Government response: Sucks to be you

The Government has released its response to last year’s Upper House Road Tolling Inquiry.

To summarise, the Inquiry found that: People can’t afford the tolls.

To which the Government responded: Neither can we. Sucks to be you.

(The words used were more flowery than that: “Without [tolls], the roads Sydney needs would not be built”.)

Which all raises the question: if Western Sydney’s toll roads aren’t affordable for drivers, or for governments, then why do we keep building them?

The answer is: to pay for roads being built in Eastern Sydney.  According to the Government, “user pays … includes instances where the user of one toll road is subsidising the cost of another toll road”

The government does not explain why it’s fair for Western Sydney drivers to subsidise Eastern Sydney drivers.

The government goes on to claim that “Road users … are prepared to pay a toll.”

As if there were a choice.

Road users might be prepared to pay a toll that’s fair, but the current toll is not fair.

The toll is too expensive, goes up too fast, and stays on for too long.

Motorists are being forced to pay $4.74 to save a couple of minutes, compared to the old freeway.

You have to be making a fair amount per hour before that becomes a fair price, and it’s only going to get more expensive.

The price is going to go up by 4% a year, more than twice as fast as salaries are rising.

Even at the current price, the M4 expansion will have been paid off after 2 or 3 years of tolls.

But M4 motorists will be paying 40 years of tolls.

Many motorists are already unable to pay the current toll.

Putting the toll on the M4 has reduced the number of vehicles using the M4 and increased the number using other roads.

All that has been done is to make one road a bit faster, at the cost of making other roads slower.

As a ‘solution’ to Sydney’s traffic problems, this is about as effective as rearranging deck chairs on the Titanic.

What Western Sydney Motorists need is for the Government and the Opposition to:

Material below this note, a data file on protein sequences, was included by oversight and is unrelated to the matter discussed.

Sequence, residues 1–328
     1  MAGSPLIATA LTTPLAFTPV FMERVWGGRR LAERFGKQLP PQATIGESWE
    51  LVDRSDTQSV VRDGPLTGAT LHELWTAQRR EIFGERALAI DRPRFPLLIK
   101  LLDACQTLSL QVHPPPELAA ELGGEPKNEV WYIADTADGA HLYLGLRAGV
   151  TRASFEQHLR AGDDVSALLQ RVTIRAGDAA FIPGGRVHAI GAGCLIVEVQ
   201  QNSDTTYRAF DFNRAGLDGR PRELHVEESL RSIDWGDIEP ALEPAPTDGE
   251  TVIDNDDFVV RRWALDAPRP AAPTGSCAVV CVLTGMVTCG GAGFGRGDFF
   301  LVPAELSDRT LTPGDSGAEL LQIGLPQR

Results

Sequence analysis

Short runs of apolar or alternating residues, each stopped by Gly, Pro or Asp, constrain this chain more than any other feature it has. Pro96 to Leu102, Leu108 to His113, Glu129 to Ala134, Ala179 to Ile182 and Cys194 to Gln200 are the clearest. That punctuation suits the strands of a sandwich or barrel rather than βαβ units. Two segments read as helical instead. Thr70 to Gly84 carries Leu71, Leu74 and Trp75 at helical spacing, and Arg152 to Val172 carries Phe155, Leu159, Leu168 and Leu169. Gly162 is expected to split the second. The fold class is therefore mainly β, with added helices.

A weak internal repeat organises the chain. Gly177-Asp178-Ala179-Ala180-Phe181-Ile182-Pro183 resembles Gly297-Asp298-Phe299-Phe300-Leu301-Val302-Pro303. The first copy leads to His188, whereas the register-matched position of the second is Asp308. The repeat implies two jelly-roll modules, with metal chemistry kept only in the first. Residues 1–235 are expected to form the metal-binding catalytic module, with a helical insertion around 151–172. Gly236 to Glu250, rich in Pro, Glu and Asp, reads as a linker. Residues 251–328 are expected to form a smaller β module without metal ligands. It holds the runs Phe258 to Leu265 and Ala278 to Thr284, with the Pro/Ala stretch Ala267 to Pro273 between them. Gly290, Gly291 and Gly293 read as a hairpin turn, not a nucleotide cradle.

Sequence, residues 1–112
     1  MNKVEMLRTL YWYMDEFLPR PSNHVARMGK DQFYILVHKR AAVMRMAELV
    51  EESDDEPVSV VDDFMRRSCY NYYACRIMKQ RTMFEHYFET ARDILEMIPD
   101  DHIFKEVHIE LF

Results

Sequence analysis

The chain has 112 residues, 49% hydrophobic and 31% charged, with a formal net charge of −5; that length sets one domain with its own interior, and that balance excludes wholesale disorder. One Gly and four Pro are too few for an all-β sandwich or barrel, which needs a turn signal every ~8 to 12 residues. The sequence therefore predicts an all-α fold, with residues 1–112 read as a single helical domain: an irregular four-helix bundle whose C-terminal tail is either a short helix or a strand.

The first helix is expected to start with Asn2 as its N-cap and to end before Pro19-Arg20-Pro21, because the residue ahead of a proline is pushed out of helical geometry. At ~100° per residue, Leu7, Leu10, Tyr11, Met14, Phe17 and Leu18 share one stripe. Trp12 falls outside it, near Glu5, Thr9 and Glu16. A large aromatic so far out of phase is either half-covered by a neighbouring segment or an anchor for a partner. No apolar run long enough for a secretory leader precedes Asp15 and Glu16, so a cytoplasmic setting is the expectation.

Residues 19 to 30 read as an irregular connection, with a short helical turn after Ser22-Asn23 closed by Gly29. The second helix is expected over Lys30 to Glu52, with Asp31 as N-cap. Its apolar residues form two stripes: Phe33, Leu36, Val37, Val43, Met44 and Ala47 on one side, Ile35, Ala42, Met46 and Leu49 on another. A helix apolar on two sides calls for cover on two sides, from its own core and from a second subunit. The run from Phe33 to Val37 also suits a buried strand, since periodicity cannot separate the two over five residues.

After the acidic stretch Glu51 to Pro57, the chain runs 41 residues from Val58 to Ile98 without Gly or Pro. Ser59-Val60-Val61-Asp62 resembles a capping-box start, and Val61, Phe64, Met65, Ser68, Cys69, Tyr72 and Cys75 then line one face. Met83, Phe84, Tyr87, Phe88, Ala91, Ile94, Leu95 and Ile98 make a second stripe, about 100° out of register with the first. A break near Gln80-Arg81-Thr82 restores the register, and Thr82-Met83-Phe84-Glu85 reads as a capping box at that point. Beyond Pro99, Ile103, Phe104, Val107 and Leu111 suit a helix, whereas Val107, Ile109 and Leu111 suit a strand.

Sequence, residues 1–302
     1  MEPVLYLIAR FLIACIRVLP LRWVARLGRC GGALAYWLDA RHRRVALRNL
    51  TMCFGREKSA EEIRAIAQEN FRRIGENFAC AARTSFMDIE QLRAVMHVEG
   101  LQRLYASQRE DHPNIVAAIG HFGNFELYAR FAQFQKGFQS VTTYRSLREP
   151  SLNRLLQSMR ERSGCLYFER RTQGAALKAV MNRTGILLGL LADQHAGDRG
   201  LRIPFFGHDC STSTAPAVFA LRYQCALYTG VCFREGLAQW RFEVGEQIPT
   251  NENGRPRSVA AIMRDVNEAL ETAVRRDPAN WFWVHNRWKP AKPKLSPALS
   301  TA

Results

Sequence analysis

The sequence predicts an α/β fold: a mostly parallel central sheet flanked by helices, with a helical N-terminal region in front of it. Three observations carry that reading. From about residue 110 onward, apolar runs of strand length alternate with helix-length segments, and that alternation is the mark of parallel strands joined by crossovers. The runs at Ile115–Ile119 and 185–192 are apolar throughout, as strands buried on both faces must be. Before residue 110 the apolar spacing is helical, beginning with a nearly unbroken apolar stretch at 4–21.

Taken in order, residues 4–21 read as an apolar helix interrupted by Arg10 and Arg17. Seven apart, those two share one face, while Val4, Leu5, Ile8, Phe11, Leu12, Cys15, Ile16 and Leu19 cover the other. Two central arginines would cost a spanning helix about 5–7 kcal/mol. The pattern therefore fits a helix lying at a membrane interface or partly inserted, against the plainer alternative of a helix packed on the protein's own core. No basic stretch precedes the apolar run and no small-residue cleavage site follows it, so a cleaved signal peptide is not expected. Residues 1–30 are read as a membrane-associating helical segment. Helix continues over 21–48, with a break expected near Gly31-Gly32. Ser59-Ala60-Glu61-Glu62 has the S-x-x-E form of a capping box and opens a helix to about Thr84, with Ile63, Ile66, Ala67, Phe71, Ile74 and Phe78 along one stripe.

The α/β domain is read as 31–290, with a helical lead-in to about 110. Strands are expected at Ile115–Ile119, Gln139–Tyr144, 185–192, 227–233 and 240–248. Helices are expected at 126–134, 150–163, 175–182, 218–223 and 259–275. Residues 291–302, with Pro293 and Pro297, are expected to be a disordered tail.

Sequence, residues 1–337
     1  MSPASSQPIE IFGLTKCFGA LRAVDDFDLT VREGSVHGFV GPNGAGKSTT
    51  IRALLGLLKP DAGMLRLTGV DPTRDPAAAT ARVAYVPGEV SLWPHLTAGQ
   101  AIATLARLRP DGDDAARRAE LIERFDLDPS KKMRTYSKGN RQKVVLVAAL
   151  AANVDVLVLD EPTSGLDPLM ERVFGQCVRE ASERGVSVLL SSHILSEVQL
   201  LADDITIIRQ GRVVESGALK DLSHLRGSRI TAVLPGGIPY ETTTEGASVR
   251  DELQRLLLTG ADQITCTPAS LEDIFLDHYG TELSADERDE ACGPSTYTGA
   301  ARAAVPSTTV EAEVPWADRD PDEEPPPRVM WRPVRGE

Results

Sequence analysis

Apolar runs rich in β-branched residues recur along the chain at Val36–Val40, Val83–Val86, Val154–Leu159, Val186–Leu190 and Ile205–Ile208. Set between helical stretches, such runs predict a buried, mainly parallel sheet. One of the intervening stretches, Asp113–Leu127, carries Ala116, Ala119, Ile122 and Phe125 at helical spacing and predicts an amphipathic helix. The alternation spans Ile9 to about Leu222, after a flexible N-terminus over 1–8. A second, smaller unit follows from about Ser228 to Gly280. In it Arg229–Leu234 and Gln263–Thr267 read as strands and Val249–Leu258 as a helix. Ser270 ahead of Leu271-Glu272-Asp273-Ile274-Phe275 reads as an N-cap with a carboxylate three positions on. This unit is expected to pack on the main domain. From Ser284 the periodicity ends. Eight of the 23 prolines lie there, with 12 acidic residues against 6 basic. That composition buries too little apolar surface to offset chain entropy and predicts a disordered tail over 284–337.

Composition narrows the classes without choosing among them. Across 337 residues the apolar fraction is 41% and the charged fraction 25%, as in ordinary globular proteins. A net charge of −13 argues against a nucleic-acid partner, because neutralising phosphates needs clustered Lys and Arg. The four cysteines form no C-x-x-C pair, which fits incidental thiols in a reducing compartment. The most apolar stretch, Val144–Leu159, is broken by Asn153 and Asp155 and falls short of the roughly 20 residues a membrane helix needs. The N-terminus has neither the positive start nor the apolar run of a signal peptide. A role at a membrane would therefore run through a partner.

1. reduce the toll to a fair level, and
  2. promise to lift the toll entirely, once the expansion is paid off.

Nothing short of that is fair to Western Sydney.

The Inquiry’s report is here.

The Government’s response is here.

Would you like to pay 43 years of tolls, or just 6?

Starting on 15 August, the M4 and the M5 are to be tolled for the next 43 years, to pay for WestConnex Stage 3.

On 7 June, the Daily Telegraph reported that Luke Foley supports “all three stages of the WestConnex”  (subscription may be required).

If this is true, it would reverse Labor’s previous position, which was to support the first two stages of WestConnex, but not Stage 3.

Well placed sources have confirmed that Foley did say that the M4 and M5 need to be linked, but he did not say how they should be linked.

Stage 3, also known as the M4-M5 Link is an enormously expensive tunnel under the inner city. It will eventually connect Haberfield and Balmain to Kingsford Smith Airport, via St Peters. If built, it will cost at least $8 billion dollars.

It would link the M4 and the M5, but that is not the only way that the M4 and the M5 can be linked.


The City of Sydney have released an ‘Alternative to WestConnex‘. Their alternative proposes linking the M4 and the M5. But they don’t propose building an expensive tunnel. Instead, the City of Sydney would upgrading the A3 (King Georges Rd to Centenary Drive).

EcoTransit, a public transport lobby group, believe the City of Sydney plan is superior to the WestConnex M4-M5 plan. But they also believe that there is an even better option – to upgrade the A6 (Silverwater Road to Stacey St).

Why this matters

Tunnels are expensive, about ten times times as expensive as a normal road.

Upgrading either the A3 or the A3 would provide all the benefits of the tunnel, but at a fraction of the cost.

And that means that the government wouldn’t need to charge 43 years of tolls. Just 6 years of tolls could raise enough money to pay for it all.

Upgrading the A3 or the A6, or both, would not only provide a linkage between the M4 and the M5, it would make it easier to get around Western Sydney.

This which would encourage businesses to locate in the West rather than in the East. And that means more jobs in Western Sydney.